In an apicoectomy, the root tip, or apex, is removed along with the infected tissue. It is done only after an unsuccessful or impossible retreatment after a root canal.
If a person has had a root canal procedure done, and it becomes infected again, the problem can be tracked down to near the apex of the root. That is when an apicoectomy is done. However, doctors consider a second root canal treatment before doing an apicoectomy in most cases.
Doctors perform apicoectomy to remove the root tip, or apex, along with the infected tissue. Then they seal the root end by placing a filling there. An apicoectomy is done because sometimes, even after a root canal procedure, infected tissue can remain in the tiny branches of canal. This may lead to re-infection later or may prevent healing of the tooth.
An apicoectomy is sometimes called endodontic microsurgery because it is often done using an operating microscope. It is done only after one root canal has been performed on an infected tooth and re-treating it is either not possible or has not been successful.
An apicoectomy can be considered in a case when a tooth has a crown or is part of a bridge. Retreatment of the root canal here would require cutting through the crown or bridge. That might destroy or weaken the crown or bridge. An apicoectomy is often considered in a situation like this.
Instruments Used for Apicoectomy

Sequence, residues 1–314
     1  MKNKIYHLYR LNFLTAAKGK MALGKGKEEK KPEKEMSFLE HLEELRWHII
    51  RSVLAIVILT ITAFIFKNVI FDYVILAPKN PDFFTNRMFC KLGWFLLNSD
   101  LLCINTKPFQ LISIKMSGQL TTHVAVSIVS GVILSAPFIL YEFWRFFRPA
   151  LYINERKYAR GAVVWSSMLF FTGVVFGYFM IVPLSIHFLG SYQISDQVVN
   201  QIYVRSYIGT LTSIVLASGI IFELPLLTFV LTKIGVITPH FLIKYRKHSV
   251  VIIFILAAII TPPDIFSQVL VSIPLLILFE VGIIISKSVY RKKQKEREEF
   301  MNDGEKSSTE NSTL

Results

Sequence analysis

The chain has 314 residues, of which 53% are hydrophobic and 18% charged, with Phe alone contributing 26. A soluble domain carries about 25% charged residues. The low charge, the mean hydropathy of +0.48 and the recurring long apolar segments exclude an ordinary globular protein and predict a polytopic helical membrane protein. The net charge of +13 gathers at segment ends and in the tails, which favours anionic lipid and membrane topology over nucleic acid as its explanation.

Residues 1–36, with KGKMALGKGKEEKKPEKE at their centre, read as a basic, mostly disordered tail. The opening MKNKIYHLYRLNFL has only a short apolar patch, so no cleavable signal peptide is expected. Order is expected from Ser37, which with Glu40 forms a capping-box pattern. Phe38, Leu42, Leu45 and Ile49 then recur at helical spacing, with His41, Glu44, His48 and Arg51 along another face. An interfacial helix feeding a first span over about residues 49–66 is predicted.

Apicoectomy is carried out to save the tooth in cases where root filling is unsuccessful or impossible. Initially an X-ray is taken to view the infected apex. Instruments used for the procedure are:
1. Scalpel - initial incision into the gum
2. Periosteal elevator – to raise the flap of the gum
3. Straight hand piece and bur – to cut into the bone to expose the infected apex. Now the apex is cut off
4. Mitchells Trimmer - to scrap out the infected tissue. The root canal filling is checked and if necessary additional filling material is inserted usually GIC or ZOE (Retrograde Root Filling)
5. Suture Needle and Silk
6. Needle Holder or Spenser Wells Forceps
When to call the Dentist
If the tooth that has been treated with root canal, gives you pain or swells, you must contact your dentist. Sometimes, it may be nothing more than a fistula (a pimple that develops near the tooth often goes away and then come back).
The endodontist will review the risks of the procedure at the consultation visit. Make sure to ask questions if something the dentist has told you is not clear. The main risk is that the surgery may not work and the tooth may need to be extracted.
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